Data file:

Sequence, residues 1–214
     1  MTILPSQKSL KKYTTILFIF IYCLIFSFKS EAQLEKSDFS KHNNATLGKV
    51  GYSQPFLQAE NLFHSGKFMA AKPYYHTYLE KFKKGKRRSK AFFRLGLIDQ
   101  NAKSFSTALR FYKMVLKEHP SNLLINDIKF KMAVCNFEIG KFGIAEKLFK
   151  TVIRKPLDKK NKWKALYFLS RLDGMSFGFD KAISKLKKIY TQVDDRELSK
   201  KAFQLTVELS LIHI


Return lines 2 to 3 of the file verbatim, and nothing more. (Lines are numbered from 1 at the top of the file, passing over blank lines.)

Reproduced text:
     1  MTILPSQKSL KKYTTILFIF IYCLIFSFKS EAQLEKSDFS KHNNATLGKV
    51  GYSQPFLQAE NLFHSGKFMA AKPYYHTYLE KFKKGKRRSK AFFRLGLIDQ